What is the difference between phosphorus and phosphate?

Following on from our question oh phosporous killing plants, we ask the question ‘What is the difference between phosphorus and phosphate?’.

Always handy to know your chemicals if you’re planning to use grey water on your garden and for environmental knowledge, we hope the CHOICE Community can help solve this riddle.

Answer below to enter our competition.


There is no pure phosphorus (in the form of the chemical element) in detergent, fertiliser or any other product you are likely to buy at the supermarket. Elemental phosphorus is toxic and flammable and not useful in the house or garden.

We often use ‘phosphorus’ (or its symbol P) as a shorthand for unspecified phosphorus compounds. Phosphates are a group of compounds that have phosphorus and oxygen in them and are commonly found in fertiliser. You will often see fertiliser described by its NPK content, that is the three macro plant nutrients Nitrogen, Phosphorus and Potassium. As with phosphorus the nitrogen and potassium will be there as compounds not the element.

Strictly phosphorus and phosphate are different things but speaking more loosely the phosphorus in a product is often present in the form of phosphates. Phosphate is very important in agriculture but should be used with care as it is toxic in excess and also runoff water can carry it into waterways causing nutrient pollution. Phosphates are being phased out of detergents worldwide because of this pollution problem.

The world supply of accessible phosphates is limited and being rapidly depleted. As with many finite resources there is no prepared plan from our leadership for what to do when it runs out other than to blame someone else.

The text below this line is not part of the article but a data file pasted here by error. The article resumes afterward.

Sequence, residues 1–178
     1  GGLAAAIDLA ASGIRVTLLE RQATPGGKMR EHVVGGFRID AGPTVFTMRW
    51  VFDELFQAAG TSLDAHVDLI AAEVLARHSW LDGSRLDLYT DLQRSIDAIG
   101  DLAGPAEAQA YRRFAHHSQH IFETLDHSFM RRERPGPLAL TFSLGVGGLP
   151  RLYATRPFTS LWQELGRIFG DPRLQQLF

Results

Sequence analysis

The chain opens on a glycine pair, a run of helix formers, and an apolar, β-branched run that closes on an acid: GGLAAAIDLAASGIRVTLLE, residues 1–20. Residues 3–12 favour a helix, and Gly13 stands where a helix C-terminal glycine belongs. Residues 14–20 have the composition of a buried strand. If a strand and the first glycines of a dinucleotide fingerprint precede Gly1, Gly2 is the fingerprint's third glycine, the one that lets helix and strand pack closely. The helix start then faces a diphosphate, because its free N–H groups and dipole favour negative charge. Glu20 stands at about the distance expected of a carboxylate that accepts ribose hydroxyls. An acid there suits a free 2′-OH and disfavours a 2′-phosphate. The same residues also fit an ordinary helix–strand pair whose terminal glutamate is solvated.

@syncretic supplied an excellent answer.

Some might ask though what is Super Phosphate (Superphosphate) then? Simply it is inorganic/mineral Phosphate that has been reacted with an acid to make it a more soluble and available source of Phosphate and therefore Phosphorus § for plant uptake. P is easily fixed by other minerals in soils and can then be hard for plants to obtain it, If you apply too much Phosphate and therefore P it will lock up other minerals such as Calcium, Iron, and Aluminium in the soil.

You can find several types of Super Phosphate for sale. There is Single Superphosphate (SSP) which is 20% Phosphate (7 to 9% P) and has reasonable amounts of Calcium and Sulphur, Double Superphosphate (DSP) (17.1% P) and there is Triple Superphosphate (TSP) which has 48% Phosphate (20.7% P) but has much less Sulphur and Calcium available.

SSP is made by mixing Sulphuric Acid with mineral Phosphate eg Apatite or Bone to make Single Superphosphate, TSP is made by mixing Phosphoric Acid with mineral Phosphate. TSP is usually made in a 2 step process where SSP is made first and Gypsum, a by product of the reaction, is removed leaving Phosphoric Acid and then mixing that acid with mineral Phosphate again. DSP is just a blend of SSP & TSP.

There are also ammonium phosphate compounds available to boost both P and N in soils.

When applying fertilisers to increase the amount of P in the soil it is important to do it at the correct times for best benefit and avoid the fixation issues. When planting it helps increase root growth and early vigour, and when flowering or fruiting it helps them to be bigger in size, Tomatoes & Roses for instance.

P is needed for all growth processes and for the formation of nodes created by rhizobia bacteria as found on legumes such as peas and peanuts and is used in nitrogen fixation. Superphosphate is also often used when Nitrogen (N) is not required to be added to the soil.


Indeed, peak Phosphorus is likely in the next decade or 2, and the misuse and waste of this precious resource borders on insanity, as it is such an essential plant nutrient. Once excessively applied phosphates disappear down the nearest waterway and into the ocean, the Phosphorus becomes impossible to recover (at reasonable cost).

There is also the health issues of heavy metal accumulation in paddocks (-> crops → food) that have had years of application of superphosphate.


Great answers to this burning :fire: question @syncretic, @grahroll, & @gordon.

Compared to their responses, my answer would have been a small pile of guano :poop: .